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  • BIOETHICS FORUM ESSAY

The 28th Amendment: The Pursuit of Health

I am a physician who has long believed that the single best way to “reform” our broken system (not just re-arrange the present Byzantine payment mechanism) is to hand over access to patient’s medical information to the patients themselves. Take all the jealously guarded medical information about patients away from the hospitals, doctor’s offices, and insurance databases, encrypt it on a portable medical information card (MICard), give it to the patient (or guardian) and let the patient decide who gets access. Sound crazy?

Crazy enough that I remained baffled and intimidated about speaking out until I happened to visit the National Archives and reread our founding documents. Those guys knew how to cut through the petty arguments and address the big picture.

So with apologies to Thomas Jefferson et al, I would like to frame my humble proposal as the 28th Amendment to the Constitution of the United States.

Like Life, Liberty, and the Pursuit of Happiness, the Pursuit of Health is an unalienable right of every human being. Each of us has a right to medically useful information about our own body, and the responsibility to use it in the pursuit of health.”

If each of us has a right to the pursuit of health (not a right to health itself or any particular level of care), it follows that each of us has a right to medical information about our body. An electronic record of our own personal health information (ePHI) would function as a “user’s manual” for our body as well as a vital link to the medical care system.

A priority of health care reform should be creation of an electronic personal health information system for every person in our country. The information must be comprehensive, compact (it should be on a thumb drive, cell phone chip, or ATM card, for example), portable by the patient, securely encrypted, password protected, and tied to the individual by a biometric identifier (such as a fingerprint or facial recognition). Fortunately, the technology is available now and quite affordable.

What about security and privacy? Biometrics. I have my own ePHI on Google Health and on a password- and fingerprint-protected thumb drive that accidentally went through our washing machine without problem (not recommended).

Privacy concerns (the HIPPA  hyper-anxiety that paralyzes our present medical information systems)  disappear when the patient owns the information and decides who gets access. Yes hacking that same info from the patient is a big potential problem, but no more difficult to overcome than hacking credit card or bank card information. Easily solvable by our techies, especially when you consider that the very best patient identifier is the patient’s living body; it’s difficult to fake finger prints, iris pattern, facial characteristics, blood type, eye color, height and weight, diseases, and, yes, eventually DNA fingerprint. (Heads up homeland security: this is your tamper proof ID.)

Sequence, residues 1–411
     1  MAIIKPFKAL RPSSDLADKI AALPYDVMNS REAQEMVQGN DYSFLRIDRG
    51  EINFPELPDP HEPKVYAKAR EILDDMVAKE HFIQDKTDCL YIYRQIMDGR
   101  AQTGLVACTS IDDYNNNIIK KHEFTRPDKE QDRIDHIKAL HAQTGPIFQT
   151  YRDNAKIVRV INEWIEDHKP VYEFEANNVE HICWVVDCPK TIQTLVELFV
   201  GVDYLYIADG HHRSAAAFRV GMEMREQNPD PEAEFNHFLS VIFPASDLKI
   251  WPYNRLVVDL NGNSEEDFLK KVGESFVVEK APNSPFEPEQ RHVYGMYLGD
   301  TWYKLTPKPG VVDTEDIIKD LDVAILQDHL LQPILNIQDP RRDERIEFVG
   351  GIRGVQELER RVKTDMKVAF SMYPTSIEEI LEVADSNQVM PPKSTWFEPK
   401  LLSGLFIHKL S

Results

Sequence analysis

Under the system I propose, access to an individual’s electronic personal health information would be controlled by the individual or the person’s legal guardian and would require the person’s biomarker (fingerprint, etc.) to match the password-protected identifiers. Selected information or the entire record could be quickly and efficiently downloaded to any licensed provider, hospital, emergency facility, insurance carrier, or government agency that has the appropriate electronic communication device (maybe a simple USB port).

Most information would be “read only,” and only approved and licensed providers would be able to enter or alter data. Most of the heavy data (multiple CT scans, MRIs, etc) could be stored securely in online databases (such as Google Health or Health Vault) and accessed through a patient’s MICard (perhaps best pronounced MY Card, to convey that it belongs to the patient).

Reform of our complex health care system would then become a matter of regulating and facilitating access to patients. Each person, armed with his or her personal health information, might eventually be able to choose from a slate of competing insurance plans, providers, even treatments. The vast health care complex of providers, hospitals, and third party administrators might then reorganize around the patient and his or her electronic personal medical information, competing to offer the most cost-effective treatment. Patients empowered with their medical information are consumers, and perhaps the only force that can “bend the curve” of relentless health care cost inflation.

Michael R. Harrison, M.D., is a professor of surgery, pediatrics, obstetrics, gynecology and reproductive sciences; emeritus director of the Fetal Treatment Center; and director of the Pediatric Device Consortium at the University of California, San Francisco.

Published on: December 23, 2009
Published in: Health and Health Care, Health Care Reform & Policy

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